Hamed al Khazraji gave his reasons in a letter to the judge: "After reviewing the case files and inspecting his detailed confession, and looking at the gruesome nature of the crime and the fact that it was done in a mosque with a four-year-old child, we have reached the decision to bow out ... and we view that this defendant is an embarrassment to humanity." His replacement, Mohammed al Sa'adi, took the case only after a court appeal for a volunteer, and only on the condition that his client plead guilty. During the case, more details emerged of Rashidi's final, fatal night of alcohol abuse. "The defendant consumed liquor on the eve of Eid with his friends," said Yousef Foulaz, the chief prosecutor. He had then "left the party and went into a graveyard to consume more liquor into the early hours of the morning and then tricked the child into following him to the house of God and raped the young boy."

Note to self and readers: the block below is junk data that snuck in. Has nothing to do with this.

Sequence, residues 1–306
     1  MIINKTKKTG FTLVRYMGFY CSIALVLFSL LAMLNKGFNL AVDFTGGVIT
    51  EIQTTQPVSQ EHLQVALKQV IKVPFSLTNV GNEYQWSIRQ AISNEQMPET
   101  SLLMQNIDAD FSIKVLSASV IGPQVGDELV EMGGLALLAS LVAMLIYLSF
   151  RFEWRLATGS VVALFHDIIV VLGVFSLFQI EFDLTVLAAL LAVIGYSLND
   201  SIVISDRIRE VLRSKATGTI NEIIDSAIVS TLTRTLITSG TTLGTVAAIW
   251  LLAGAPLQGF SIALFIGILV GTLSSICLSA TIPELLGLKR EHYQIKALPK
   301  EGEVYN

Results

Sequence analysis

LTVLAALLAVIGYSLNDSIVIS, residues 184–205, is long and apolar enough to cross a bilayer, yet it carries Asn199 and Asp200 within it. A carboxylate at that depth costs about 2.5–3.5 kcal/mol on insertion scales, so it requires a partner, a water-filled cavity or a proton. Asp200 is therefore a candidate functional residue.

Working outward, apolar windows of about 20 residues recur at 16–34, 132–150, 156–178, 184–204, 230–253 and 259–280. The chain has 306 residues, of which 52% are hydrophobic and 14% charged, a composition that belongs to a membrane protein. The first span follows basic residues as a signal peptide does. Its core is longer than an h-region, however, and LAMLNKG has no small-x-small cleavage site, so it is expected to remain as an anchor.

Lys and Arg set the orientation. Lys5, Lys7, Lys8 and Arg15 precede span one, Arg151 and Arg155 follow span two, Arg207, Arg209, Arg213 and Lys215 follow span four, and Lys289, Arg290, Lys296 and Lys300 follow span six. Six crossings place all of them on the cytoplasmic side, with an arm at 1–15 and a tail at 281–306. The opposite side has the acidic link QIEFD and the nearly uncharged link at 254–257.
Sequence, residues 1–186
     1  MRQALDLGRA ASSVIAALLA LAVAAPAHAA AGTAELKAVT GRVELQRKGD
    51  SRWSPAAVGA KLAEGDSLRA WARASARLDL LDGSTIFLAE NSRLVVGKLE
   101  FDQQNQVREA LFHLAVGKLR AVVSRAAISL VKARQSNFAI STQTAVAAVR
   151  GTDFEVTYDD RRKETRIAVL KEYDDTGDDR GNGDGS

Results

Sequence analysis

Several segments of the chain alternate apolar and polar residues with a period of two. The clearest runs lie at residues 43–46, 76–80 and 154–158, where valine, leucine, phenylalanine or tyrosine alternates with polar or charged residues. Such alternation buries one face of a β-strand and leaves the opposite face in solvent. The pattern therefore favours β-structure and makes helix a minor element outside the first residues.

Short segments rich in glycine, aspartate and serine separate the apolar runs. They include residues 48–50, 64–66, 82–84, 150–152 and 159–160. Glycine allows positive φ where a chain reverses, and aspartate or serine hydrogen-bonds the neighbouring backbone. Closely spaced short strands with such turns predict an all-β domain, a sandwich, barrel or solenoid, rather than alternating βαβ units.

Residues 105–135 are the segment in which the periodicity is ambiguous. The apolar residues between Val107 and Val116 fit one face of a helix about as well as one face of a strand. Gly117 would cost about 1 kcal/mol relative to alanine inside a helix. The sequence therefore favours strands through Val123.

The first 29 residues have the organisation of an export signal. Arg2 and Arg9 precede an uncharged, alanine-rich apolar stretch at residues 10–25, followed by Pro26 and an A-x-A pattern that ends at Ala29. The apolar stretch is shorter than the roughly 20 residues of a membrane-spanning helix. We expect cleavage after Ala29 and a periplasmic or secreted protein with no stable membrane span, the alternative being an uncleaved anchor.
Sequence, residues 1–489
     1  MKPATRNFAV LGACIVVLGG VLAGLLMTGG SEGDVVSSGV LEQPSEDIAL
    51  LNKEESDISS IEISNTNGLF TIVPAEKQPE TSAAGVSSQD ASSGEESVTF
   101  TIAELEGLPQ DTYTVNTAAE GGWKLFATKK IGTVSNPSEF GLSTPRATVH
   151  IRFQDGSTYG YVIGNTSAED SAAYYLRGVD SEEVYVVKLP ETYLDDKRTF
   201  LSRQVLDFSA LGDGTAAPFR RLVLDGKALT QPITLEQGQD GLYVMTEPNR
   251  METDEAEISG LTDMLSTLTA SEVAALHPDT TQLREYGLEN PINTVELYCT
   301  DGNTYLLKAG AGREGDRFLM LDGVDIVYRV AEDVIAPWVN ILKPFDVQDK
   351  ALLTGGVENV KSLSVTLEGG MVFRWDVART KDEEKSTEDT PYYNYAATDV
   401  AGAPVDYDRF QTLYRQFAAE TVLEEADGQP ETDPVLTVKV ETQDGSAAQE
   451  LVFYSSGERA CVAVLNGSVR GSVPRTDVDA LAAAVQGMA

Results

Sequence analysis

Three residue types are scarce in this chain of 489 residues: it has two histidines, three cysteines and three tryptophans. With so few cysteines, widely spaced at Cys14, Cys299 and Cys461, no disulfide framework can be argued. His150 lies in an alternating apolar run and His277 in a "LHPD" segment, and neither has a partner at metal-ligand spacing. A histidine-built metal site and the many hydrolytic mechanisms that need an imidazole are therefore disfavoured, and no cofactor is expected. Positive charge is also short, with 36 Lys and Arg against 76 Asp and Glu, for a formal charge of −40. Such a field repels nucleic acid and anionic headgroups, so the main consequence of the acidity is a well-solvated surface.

On December 30, the investigating officers told the court that although Rashidi had confessed to the crime, he said he had not meant to kill the child. "He told us initially that he covered his face and mouth and the boy passed out," a police lieutenant said. But then Rashidi said the child had started screaming "and he wanted to quiet him". Exactly how the paths of the boy and his killer crossed is unclear. The tiny black gate barring the way to Rashidi's small, unkempt room, in a villa just a few streets away from where Moosa's family live, has remained locked since the day of the killing. The room is right behind a mosque, and it remains unclear why on the day of the murder Rashidi chose to visit another mosque, further away. Evoking Rashidi's "harsh childhood", on January 3 his lawyer had asked for a psychiatric assessment. "Before we judge him we have to take into account his mental health," said Mr al Sa'adi. "How can any person commit such an inhuman crime with a sane mind?" Six days later, however, three psychiatrists had concluded that Rashidi was sane and likely to commit similar crimes in future, "especially against children". Cross-questioning one of the psychiatrists, Dr Mohammed Hassan, on January 13, Mr al Sa'adi highlighted the abuse the defendant had allegedly endured as a child, and asked whether he was the product of a cycle of violence. Such theories, replied Dr Hassan, were outdated: "New psychiatric studies have refuted this theory. Abuse is taken into account, but it does not necessarily dictate future behavioural trends." email@example.com